Multi-Model Fitting II: Evolutionary Algorithms

elm can use an evolutionary algorithm for hyperparameterization. This involves using the fit_ea method of Pipeline. It is helpful at this point to first read about Pipeline and how to configure a data source for the multi-model approaches in elm. That page summarizes how fit_ea and fit_ensemble may be fit to a single X matrix (when the keyword X is given) or a series of samples (when sampler and args_list are given).

The example below walks through configuring an evolutionary algorithm to select the best K-Means model with preprocessing steps inclusive of standard scaling and PCA. First it sets up a sampler from HDF4 files (note the set up of a data source is the same as in fit_ensemble)


import os

from sklearn.cluster import MiniBatchKMeans
from sklearn.feature_selection import SelectPercentile, f_classif
import numpy as np

from elm.config.dask_settings import client_context
from elm.model_selection.evolve import ea_setup
from elm.model_selection.kmeans import kmeans_model_averaging, kmeans_aic
from elm.pipeline import Pipeline, steps
from earthio import *
from earthio.filters.band_selection import select_from_file
from earthio.metadata_selection import example_meta_is_day


band_specs = list(map(lambda x: LayerSpec(**x),
        [{'search_key': 'long_name', 'search_value': "Band 1 ", 'name': 'band_1'},
         {'search_key': 'long_name', 'search_value': "Band 2 ", 'name': 'band_2'},
         {'search_key': 'long_name', 'search_value': "Band 3 ", 'name': 'band_3'},
         {'search_key': 'long_name', 'search_value': "Band 4 ", 'name': 'band_4'},
         {'search_key': 'long_name', 'search_value': "Band 5 ", 'name': 'band_5'},
         {'search_key': 'long_name', 'search_value': "Band 6 ", 'name': 'band_6'},
         {'search_key': 'long_name', 'search_value': "Band 7 ", 'name': 'band_7'}]))
# Just get daytime files
HDF4_FILES = [f for f in glob.glob(os.path.join(ELM_EXAMPLE_DATA_PATH, 'hdf4', '*hdf'))
              if example_meta_is_day(load_hdf4_meta(f))]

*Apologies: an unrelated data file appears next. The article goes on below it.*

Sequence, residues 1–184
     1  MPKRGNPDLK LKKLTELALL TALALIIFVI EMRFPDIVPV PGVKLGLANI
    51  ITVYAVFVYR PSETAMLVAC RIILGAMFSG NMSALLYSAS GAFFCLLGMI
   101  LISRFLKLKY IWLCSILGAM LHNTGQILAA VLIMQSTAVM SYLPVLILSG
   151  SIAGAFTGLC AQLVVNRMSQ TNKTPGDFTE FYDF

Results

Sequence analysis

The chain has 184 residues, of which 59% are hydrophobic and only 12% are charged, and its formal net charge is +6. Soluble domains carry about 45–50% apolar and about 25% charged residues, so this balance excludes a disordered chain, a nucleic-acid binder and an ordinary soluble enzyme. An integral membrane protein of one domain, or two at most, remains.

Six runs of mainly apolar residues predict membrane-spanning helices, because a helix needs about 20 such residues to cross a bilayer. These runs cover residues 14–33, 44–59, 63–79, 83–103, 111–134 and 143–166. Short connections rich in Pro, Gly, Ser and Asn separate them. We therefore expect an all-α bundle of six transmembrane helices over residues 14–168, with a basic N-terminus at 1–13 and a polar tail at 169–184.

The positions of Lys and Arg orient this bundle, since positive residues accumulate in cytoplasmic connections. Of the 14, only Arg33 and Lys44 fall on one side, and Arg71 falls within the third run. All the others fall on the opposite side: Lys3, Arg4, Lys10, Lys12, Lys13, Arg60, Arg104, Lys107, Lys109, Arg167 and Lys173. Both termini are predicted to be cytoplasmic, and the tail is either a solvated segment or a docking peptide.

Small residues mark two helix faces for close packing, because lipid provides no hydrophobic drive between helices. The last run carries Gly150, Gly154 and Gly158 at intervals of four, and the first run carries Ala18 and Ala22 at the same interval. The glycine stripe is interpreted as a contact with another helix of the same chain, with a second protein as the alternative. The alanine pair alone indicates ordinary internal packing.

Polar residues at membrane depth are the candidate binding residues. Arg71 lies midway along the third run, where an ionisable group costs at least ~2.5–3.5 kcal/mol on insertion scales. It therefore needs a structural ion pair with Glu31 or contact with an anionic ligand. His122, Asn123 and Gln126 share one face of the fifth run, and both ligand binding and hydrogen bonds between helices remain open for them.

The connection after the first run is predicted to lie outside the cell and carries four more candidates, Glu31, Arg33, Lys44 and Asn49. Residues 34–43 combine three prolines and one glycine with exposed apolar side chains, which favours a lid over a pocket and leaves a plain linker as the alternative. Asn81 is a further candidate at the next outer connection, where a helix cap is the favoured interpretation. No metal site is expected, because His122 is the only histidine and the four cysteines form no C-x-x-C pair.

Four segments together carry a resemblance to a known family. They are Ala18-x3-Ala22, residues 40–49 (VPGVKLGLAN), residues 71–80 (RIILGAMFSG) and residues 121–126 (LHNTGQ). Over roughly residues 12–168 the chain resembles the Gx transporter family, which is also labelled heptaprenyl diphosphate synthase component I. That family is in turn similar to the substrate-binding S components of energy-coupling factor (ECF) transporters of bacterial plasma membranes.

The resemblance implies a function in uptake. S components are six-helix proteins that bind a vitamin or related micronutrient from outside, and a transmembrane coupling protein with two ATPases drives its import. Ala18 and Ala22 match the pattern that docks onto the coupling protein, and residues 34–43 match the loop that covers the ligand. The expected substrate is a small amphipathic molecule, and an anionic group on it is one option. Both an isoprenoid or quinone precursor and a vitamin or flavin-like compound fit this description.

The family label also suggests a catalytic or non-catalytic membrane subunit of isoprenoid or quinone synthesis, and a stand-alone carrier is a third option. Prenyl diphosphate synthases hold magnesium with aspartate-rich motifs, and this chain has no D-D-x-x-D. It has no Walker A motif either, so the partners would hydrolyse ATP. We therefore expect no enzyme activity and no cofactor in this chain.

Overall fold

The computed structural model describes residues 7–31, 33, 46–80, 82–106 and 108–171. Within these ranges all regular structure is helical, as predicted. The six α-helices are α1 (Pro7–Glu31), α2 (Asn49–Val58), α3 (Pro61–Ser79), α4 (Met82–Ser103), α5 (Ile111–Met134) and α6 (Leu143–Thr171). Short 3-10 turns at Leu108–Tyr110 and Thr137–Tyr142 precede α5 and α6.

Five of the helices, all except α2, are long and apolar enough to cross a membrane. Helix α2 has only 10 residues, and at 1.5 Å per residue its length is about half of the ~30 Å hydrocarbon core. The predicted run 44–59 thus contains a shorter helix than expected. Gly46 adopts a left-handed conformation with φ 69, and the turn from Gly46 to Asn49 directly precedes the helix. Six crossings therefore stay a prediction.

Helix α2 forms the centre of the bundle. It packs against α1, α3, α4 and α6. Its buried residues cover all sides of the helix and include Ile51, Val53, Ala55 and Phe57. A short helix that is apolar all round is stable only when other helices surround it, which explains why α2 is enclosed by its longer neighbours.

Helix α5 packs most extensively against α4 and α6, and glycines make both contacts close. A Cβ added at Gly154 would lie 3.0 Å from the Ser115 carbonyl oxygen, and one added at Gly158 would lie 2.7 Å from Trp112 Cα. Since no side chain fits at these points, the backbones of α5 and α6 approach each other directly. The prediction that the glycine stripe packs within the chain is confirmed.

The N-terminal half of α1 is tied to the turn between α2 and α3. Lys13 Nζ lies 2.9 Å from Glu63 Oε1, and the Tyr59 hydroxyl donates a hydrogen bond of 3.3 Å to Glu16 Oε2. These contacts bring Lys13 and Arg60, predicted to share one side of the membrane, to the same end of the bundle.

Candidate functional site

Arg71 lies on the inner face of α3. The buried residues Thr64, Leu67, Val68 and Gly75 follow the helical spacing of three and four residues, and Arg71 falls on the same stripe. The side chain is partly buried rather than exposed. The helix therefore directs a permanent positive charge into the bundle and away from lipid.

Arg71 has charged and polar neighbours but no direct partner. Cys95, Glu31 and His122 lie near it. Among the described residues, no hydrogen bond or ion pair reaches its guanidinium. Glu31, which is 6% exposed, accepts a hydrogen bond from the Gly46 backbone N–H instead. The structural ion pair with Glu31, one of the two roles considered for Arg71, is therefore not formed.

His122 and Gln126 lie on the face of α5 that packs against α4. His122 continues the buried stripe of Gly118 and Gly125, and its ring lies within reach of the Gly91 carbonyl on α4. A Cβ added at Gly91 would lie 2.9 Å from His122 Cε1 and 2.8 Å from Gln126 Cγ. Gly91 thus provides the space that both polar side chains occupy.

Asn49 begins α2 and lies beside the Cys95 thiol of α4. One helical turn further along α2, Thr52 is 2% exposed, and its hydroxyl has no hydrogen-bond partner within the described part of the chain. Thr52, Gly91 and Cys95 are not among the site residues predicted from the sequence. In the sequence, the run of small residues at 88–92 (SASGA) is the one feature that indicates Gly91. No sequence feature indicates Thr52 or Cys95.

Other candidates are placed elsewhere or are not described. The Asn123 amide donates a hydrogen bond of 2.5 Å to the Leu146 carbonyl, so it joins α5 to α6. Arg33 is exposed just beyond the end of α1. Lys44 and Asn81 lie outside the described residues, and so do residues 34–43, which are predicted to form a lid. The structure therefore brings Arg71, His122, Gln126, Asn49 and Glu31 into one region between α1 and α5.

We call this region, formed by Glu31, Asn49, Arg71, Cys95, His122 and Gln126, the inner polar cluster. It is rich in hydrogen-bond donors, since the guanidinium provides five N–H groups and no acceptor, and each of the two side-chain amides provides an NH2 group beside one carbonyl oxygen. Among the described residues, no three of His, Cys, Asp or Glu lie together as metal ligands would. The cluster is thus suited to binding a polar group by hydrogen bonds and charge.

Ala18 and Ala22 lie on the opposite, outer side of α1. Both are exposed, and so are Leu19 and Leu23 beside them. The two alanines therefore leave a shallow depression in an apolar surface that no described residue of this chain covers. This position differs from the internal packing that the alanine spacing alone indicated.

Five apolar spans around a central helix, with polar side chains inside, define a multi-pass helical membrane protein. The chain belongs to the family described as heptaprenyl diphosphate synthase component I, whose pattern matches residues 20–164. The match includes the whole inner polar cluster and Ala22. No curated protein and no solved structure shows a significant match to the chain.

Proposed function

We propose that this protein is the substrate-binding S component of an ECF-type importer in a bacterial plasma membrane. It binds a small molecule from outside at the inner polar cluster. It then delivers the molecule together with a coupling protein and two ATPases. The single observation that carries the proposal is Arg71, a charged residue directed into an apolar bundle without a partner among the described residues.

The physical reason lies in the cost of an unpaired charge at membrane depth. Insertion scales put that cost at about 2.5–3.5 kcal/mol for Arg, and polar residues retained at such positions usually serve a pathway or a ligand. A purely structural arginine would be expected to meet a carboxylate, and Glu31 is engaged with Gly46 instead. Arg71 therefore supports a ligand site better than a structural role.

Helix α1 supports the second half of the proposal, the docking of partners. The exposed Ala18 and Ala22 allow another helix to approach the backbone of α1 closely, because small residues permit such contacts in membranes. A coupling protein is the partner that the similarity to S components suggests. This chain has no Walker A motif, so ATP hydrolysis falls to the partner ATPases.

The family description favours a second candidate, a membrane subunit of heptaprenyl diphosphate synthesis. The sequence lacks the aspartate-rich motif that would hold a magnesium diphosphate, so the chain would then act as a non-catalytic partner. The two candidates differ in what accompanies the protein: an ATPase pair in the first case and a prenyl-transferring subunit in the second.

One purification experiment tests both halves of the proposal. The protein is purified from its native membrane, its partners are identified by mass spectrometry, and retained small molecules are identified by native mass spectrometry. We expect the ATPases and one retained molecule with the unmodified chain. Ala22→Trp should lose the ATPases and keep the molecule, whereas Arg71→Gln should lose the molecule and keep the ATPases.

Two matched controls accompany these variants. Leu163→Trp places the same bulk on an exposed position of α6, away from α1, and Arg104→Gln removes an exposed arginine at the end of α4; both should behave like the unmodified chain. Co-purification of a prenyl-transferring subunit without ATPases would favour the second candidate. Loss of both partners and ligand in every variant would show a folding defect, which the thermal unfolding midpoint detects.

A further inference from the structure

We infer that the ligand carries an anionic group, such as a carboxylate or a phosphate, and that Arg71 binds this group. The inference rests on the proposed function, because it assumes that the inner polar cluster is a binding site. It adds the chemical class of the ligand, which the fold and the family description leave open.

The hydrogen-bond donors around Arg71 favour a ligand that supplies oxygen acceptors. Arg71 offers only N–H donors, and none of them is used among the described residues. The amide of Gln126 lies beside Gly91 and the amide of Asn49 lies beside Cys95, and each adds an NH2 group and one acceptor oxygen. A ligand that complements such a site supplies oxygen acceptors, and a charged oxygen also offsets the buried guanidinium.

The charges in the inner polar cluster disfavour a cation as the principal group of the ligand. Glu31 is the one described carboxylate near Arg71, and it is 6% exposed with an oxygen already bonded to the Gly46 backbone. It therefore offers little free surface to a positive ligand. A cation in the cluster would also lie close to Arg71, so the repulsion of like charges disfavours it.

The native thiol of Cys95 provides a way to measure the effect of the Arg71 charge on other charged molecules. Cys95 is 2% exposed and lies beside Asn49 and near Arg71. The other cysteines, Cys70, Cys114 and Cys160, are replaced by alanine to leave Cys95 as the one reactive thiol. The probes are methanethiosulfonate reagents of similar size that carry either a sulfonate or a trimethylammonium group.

data_source = {
    'sampler': select_from_file,
    'band_specs': band_specs,
    'args_list': HDF4_FILES,

Next the example sets up a Pipeline of transformations

def make_example_y_data(X, y=None, sample_weight=None, **kwargs):
    fitted = MiniBatchKMeans(n_clusters=5).fit(X.flat.values)
    y = fitted.predict(X.flat.values)
    return (X, y, sample_weight)

pipeline_steps = [steps.Flatten(),
                  ('top_n', steps.SelectPercentile(percentile=80,score_func=f_classif)),
                  ('kmeans', MiniBatchKMeans(n_clusters=4))]
pipeline = Pipeline(pipeline_steps, scoring=kmeans_aic, scoring_kwargs=dict(score_weights=[-1]))

The example above uses elm.pipeline.steps.ModifySample to return a y data set corresponding to X ElmStore so that the example can show SelectPercentile for feature selection.

Next evo_params need to be called by passing a param_grid dict to elm.model_selection.evolve.ea_setup. The param_grid uses scikit-learn syntax for parameter replacement (i.e. a named step like “kmeans” then a double underscore then a parameter name for that step [“n_clusters”]), so this param_grid could potentially run models with n_clusters in range(3, 10) and percentile in range(20, 100, 5). The control dict sets parameters for the evolutionary algorithm (described below).

param_grid =  {
    'kmeans__n_clusters': list(range(3, 10)),
    'top_n__percentile': list(range(20, 100, 5)),
    'control': {
        'select_method': 'selNSGA2',
        'crossover_method': 'cxTwoPoint',
        'mutate_method': 'mutUniformInt',
        'init_pop': 'random',
        'indpb': 0.5,
        'mutpb': 0.9,